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Transforming a 980 sq ft HDB flat with a tricky curved wall into a welcoming space

CNA Lifestyle’s Making Room series looks at small homes with big transformations. This week, we visit a bachelorette pad that embraces a troublesome feature and local art to create a “friendship canteen.”

Homeowner Medha Lim dabbles in calligraphy, watercolour painting and pottery; supports local artists and enjoys playing host to her friends and family.

So when she bought a 980 sq ft four-room resale HDB flat in Compassvale, she decided her new home should be “very welcoming, because that’s how I approach things in life. I welcome new challenges, new people; I want them to find a safe space where I am, where I stay, or where I work as well”, said the tech professional.

And the flat’s main and unusual characteristic proved to be the right space for this.

While most home-buyers tend to look for places with a squarish layout, Medha was charmed by her new home’s curved wall, which ran the entire length along the window-facing side of the living/dining area, and the bedroom right next to it.

(Photo: Studio Periphery)

“People might think there is quite a lot of dead space, but what the interior designer and I did was to really make use of the dead space and have conversations with it,” said Medha, who envisioned her home as “a space for creativity” and “a fluid way of using space”.

First, the bedroom next to the original living/dining area was sacrificed to create a larger combined living/dining space.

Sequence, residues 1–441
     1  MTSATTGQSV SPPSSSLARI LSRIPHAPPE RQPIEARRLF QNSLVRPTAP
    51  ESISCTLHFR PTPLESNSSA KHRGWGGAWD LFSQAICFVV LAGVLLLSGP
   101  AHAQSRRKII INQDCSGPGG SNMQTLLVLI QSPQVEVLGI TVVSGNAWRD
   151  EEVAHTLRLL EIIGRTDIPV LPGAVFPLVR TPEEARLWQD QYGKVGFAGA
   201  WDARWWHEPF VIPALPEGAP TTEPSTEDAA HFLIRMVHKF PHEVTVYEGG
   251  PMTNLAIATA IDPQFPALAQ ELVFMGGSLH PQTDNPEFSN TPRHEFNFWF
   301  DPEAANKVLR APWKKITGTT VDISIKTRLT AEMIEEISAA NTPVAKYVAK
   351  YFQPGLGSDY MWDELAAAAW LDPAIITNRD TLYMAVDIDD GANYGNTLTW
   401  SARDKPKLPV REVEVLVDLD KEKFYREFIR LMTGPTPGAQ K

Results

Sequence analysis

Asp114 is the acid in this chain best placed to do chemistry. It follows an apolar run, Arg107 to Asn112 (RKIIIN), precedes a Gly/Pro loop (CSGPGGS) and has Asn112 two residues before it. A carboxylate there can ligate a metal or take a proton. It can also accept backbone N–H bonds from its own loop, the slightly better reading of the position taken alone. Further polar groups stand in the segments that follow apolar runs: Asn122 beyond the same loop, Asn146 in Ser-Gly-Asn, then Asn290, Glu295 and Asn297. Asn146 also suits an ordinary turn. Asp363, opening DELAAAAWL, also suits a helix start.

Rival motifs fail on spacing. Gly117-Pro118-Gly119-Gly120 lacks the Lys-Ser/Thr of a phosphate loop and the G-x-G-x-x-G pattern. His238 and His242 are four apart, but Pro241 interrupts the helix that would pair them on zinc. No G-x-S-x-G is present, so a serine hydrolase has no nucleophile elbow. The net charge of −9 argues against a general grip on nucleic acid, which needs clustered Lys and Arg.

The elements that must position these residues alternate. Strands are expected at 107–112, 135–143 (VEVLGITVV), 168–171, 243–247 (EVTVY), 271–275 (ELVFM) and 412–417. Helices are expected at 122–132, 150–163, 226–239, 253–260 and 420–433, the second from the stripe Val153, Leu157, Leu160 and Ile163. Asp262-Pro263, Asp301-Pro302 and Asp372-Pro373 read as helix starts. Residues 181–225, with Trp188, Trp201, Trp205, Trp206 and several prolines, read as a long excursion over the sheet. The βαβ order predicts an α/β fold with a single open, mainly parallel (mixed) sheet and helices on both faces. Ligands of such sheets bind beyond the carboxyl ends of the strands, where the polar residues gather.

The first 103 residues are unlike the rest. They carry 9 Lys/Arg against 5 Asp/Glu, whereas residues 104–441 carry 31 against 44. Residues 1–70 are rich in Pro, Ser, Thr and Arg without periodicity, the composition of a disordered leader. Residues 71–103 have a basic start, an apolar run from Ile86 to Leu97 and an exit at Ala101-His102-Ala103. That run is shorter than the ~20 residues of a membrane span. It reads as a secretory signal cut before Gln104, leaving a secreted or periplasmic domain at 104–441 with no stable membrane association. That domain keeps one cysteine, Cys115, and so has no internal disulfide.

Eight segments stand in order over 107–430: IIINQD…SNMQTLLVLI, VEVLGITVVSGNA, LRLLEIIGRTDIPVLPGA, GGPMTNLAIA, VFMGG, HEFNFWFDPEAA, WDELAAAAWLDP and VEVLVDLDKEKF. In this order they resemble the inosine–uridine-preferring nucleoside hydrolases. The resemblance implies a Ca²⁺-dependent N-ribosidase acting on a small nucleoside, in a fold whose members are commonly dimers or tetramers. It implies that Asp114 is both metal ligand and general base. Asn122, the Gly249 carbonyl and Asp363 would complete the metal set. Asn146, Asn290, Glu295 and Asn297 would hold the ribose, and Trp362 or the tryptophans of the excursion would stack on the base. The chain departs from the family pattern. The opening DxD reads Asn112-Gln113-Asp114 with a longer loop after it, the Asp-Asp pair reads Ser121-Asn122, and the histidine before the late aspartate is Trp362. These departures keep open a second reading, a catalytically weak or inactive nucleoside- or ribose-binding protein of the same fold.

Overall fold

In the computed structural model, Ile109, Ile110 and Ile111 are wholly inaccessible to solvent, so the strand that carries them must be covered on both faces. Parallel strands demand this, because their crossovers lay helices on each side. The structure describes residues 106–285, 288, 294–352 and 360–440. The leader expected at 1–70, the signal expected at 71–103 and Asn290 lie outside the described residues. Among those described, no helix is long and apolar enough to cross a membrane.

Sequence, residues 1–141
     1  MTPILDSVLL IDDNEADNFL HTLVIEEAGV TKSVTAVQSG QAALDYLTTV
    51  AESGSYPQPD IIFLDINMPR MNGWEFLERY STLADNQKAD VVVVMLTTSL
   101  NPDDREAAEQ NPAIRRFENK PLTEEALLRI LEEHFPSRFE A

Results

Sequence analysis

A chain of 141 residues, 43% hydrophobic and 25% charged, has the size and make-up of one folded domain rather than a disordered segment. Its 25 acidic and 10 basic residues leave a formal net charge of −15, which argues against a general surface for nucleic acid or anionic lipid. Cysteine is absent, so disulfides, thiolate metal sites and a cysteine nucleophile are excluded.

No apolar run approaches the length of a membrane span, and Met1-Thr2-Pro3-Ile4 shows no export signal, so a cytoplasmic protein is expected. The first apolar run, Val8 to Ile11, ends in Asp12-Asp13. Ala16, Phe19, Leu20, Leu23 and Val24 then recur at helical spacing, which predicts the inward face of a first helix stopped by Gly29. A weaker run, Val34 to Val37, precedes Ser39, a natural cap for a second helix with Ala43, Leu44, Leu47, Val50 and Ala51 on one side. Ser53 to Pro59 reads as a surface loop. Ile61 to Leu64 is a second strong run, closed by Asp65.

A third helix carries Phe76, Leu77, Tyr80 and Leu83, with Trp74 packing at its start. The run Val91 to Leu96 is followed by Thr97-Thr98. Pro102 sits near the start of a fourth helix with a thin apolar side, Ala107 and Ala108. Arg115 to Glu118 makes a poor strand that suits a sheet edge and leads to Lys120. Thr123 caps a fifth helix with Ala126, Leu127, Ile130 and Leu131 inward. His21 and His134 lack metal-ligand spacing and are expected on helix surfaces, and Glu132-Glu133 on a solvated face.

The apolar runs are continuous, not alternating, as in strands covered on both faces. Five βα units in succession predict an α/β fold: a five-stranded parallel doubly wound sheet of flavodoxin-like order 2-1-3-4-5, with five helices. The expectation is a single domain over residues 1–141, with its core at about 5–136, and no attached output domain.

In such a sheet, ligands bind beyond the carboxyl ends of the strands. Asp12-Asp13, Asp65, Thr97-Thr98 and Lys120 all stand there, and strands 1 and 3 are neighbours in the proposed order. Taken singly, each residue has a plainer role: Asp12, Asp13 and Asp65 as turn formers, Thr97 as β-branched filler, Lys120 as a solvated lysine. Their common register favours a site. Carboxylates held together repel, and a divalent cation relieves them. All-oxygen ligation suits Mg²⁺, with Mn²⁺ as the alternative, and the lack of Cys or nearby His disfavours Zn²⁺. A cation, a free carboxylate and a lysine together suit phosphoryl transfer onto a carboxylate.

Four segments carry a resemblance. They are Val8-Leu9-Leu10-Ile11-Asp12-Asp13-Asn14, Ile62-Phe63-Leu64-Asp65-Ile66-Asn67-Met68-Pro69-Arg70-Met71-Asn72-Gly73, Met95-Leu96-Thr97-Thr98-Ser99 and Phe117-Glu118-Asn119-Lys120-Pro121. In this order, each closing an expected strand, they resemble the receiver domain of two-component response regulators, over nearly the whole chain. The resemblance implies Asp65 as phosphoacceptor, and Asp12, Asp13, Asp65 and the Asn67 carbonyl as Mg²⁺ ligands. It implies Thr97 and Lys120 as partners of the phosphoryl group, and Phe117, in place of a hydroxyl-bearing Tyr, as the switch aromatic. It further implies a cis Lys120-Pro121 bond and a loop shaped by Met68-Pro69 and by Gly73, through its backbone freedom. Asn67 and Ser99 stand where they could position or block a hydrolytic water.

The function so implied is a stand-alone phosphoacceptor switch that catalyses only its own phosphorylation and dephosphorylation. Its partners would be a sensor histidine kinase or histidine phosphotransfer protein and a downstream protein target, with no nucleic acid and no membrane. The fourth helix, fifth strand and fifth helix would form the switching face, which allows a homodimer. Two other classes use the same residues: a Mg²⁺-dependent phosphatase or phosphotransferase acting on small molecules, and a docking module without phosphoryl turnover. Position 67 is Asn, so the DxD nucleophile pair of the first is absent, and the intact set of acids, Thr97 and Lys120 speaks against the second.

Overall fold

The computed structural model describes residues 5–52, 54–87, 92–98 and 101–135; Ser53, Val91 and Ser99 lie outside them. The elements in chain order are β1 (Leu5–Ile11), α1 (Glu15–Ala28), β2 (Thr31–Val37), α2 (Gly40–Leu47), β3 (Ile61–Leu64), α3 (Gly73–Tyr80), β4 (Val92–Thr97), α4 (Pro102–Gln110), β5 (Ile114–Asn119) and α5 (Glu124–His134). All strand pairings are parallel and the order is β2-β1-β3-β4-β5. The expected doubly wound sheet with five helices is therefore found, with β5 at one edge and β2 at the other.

(Photo: Studio Periphery)

A curved wraparound “bench” in grey laminate was custom-built – it begins as a narrow “trickle” from the ceiling in one corner and flows down the wall, then spreads along the entire perimeter of the living/dining area, transforming it into a round, pond-like space.

The “bench” is used as extra seating, and as a space to display artwork. Below it is a mix of open and concealed storage for Medha’s extensive collection of books, ceramics, art supplies and other bric-a-brac. A concealed lighting strip that runs along the entire base creates a soft, ethereal glow.

(Photo: Studio Periphery)

Overhead, the false ceiling is also shaped in a sweeping curve. Cove lighting, and the sunlight streaming in through sheer day curtains, bathe the space in a gentle luminosity, making for a cosy setting.

A hanging mobile featuring oversized fabric raindrops in muted pastel colours, which was handmade by a local artist, takes centrestage in this space, adding a touch of whimsy and playfulness.

(Photo: Studio Periphery)

“These raindrops inspired me to have a bit more colour in my home, and made me realise I like to infuse my life with local things,” Medha shared.

For example, she owns those classic “kopitiam” cup and saucer sets featuring the familiar green floral motifs, and a variety of works by local artists (ranging from sketches of shophouses to portraiture to cross-stitch) decorate her walls.

(Photo: Studio Periphery)